Easter Wednesday, March 30 ~ The Octave of Easter

 

Holy Gospel: Luke 24:13-35 That very day, the first day of the week, two of Jesus’ disciples were going to a village seven miles from Jerusalem called Emmaus, and they were conversing about all the things that had occurred. And it happened that while they were conversing and debating, Jesus himself drew near and walked with them, but their eyes were prevented from recognizing him. He asked them, “What are you discussing as you walk along?” They stopped, looking downcast. One of them, named Cleopas, said to him in reply, “Are you the only visitor to Jerusalem who does not know of the things that have taken place there in these days?” And he replied to them, “What sort of things?” They said to him, “The things that happened to Jesus the Nazarene, who was a prophet mighty in deed and word before God and all the people, how our chief priests and rulers both handed him over to a sentence of death and crucified him. But we were hoping that he would be the one to redeem Israel; and besides all this, it is now the third day since this took place. Some women from our group, however, have astounded us: they were at the tomb early in the morning and did not find his Body; they came back and reported that they had indeed seen a vision of angels who announced that he was alive. Then some of those with us went to the tomb and found things just as the women had described, but him they did not see.” And he said to them, “Oh, how foolish you are! How slow of heart to believe all that the prophets spoke! Was it not necessary that the Christ should suffer these things and enter into his glory?” Then beginning with Moses and all the prophets, he interpreted to them what referred to him in all the Scriptures. As they approached the village to which they were going, he gave the impression that he was going on farther. But they urged him, “Stay with us, for it is nearly evening and the day is almost over.” So he went in to stay with them. And it happened that, while he was with them at table, he took bread, said the blessing, broke it, and gave it to them. With that their eyes were opened and they recognized him, but he vanished from their sight. Then they said to each other, “Were not our hearts burning within us while he spoke to us on the way and opened the Scriptures to us?” So they set out at once and returned to Jerusalem where they found gathered together the Eleven and those with them who were saying, “The Lord has truly been raised and has appeared to Simon!” Then the two recounted what had taken place on the way and how he was made known to them in the breaking of the bread.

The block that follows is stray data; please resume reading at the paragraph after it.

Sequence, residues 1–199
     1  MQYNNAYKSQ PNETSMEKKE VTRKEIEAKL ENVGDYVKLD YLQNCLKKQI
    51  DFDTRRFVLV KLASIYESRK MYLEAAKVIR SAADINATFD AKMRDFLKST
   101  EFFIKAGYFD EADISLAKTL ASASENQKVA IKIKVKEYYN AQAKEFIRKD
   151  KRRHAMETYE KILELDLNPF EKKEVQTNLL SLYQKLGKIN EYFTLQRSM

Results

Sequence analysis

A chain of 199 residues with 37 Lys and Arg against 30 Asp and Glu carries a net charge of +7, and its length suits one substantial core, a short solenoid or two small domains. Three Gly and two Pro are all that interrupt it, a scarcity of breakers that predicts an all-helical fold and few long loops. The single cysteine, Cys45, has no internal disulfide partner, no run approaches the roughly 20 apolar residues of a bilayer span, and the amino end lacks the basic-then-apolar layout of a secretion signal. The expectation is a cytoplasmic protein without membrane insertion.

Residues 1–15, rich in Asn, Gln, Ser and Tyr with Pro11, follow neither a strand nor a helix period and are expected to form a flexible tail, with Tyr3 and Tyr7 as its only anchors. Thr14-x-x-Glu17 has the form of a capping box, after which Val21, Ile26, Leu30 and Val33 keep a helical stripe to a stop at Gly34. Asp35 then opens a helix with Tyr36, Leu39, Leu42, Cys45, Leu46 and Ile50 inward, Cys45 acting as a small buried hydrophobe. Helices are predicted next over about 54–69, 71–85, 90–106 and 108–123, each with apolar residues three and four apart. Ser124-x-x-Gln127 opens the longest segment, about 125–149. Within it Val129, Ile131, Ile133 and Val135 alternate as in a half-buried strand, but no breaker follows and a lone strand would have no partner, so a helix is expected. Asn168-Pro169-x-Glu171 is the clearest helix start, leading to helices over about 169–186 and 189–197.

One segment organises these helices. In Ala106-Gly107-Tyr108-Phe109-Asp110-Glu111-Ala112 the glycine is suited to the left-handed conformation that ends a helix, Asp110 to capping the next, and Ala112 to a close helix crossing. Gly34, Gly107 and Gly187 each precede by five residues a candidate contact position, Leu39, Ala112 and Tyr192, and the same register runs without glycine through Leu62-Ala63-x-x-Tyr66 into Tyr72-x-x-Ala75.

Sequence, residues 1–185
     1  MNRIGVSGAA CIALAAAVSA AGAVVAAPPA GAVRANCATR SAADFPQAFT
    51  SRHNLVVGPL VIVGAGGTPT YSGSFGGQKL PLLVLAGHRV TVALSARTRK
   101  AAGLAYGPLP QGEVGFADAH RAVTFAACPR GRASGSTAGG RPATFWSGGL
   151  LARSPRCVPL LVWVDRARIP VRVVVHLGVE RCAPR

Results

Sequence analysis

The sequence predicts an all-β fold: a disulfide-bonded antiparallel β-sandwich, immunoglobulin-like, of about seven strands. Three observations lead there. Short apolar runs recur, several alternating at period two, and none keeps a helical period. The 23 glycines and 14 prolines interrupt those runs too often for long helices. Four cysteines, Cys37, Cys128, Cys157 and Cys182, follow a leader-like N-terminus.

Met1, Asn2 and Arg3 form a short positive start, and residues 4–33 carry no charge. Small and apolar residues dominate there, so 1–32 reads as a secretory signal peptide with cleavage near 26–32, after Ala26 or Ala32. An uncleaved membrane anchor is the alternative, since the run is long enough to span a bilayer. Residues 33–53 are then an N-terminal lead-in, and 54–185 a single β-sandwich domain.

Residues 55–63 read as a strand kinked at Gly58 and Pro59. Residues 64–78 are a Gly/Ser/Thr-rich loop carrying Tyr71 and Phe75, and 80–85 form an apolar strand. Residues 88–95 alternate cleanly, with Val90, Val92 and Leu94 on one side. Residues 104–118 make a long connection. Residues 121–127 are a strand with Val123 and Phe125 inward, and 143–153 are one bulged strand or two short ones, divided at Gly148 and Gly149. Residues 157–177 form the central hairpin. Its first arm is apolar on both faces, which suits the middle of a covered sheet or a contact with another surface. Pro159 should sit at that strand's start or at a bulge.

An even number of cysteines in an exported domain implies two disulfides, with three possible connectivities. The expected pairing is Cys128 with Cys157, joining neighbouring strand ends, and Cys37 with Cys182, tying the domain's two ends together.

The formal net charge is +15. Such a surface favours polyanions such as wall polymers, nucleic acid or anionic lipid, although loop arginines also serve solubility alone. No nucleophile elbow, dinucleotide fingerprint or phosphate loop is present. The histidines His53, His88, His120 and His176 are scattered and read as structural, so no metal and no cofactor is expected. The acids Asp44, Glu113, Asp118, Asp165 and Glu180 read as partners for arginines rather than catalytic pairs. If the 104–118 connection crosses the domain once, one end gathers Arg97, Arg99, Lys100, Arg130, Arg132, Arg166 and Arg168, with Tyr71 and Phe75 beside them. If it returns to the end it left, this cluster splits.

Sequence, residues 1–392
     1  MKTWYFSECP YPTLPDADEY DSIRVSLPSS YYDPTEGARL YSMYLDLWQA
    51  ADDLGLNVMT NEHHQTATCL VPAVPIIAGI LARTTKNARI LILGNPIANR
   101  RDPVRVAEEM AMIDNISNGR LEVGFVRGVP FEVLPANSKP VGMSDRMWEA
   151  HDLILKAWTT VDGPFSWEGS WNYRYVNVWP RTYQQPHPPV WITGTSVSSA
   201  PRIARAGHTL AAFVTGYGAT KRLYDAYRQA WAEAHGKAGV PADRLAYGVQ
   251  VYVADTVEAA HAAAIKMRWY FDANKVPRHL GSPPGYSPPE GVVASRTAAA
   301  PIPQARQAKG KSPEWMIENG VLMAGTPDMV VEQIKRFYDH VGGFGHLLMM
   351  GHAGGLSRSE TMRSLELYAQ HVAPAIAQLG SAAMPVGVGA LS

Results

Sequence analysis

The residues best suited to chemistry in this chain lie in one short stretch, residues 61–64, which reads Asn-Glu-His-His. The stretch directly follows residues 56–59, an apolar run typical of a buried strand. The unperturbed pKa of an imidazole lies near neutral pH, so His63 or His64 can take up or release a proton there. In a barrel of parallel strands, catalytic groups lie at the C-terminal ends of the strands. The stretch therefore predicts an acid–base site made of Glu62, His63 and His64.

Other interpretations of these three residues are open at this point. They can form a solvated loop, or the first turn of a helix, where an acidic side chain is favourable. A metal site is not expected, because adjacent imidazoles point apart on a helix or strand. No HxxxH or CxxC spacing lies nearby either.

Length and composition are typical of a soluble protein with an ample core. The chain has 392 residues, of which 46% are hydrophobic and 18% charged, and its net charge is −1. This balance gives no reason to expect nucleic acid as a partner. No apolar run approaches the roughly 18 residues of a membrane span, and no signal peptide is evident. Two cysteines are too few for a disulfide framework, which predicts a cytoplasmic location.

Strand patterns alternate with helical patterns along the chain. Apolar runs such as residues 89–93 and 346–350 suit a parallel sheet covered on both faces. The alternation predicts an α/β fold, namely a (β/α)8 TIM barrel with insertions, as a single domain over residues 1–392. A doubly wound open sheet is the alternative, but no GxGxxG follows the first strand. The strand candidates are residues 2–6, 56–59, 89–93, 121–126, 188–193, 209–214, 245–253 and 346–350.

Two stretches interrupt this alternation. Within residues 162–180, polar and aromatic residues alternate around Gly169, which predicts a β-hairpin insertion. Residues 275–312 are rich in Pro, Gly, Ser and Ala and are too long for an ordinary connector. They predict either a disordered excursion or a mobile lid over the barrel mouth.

Meditation: St. Augustine provides a reflection on the dimness of their perception: “They were so disturbed when they saw him hanging on the cross that they forgot his teaching, did not look for his resurrection, and failed to keep his promises in mind” (Sermon 235.1). “Their eyes were obstructed, that they should not recognize him until the breaking of the bread. And thus, in accordance with the state of their minds, which was still ignorant of the truth (that the Christ would die and rise again”, their eyes were similarly hindered. It was not that the truth himself was misleading them, but rather that they were themselves unable to perceive the truth.” (From The Harmony of the Gospels, 3.25.72) How often do we fail to recognize the Lord when he speaks to our hearts and opens his mind to us? The Risen Lord is ever ready to speak his word to us and to give us understanding of his ways. Do you listen attentively to the Word of God and allow his word to change and transform you?

 

Prayer: O God, who gladden us year by year with the solemnity of the Lord’s Resurrection, graciously grant that, by celebrating these present festivities, we may merit through them to reach eternal joys. Through our Lord Jesus Christ, your Son, who lives and reigns with you in the unity of the Holy Spirit, one God, for ever and ever.

 

Contemplation: We often wonder how it would have been difficult for the disciples to recognize the risen Lord. To put it simply, Jesus’ death scattered his disciples and shattered their hopes and dreams. They had hoped that he was the one to redeem Israel. They saw the cross as defeat and could not comprehend the empty tomb until the Lord appeared to them and gave them understanding.  Jesus chided the disciples on the road to Emmaus for their slowness of heart to believe what the scriptures had said concerning the Messiah. They did not recognize the risen Jesus until he had broken bread with them. Do you recognize the Lord in his word and in the breaking of the bread?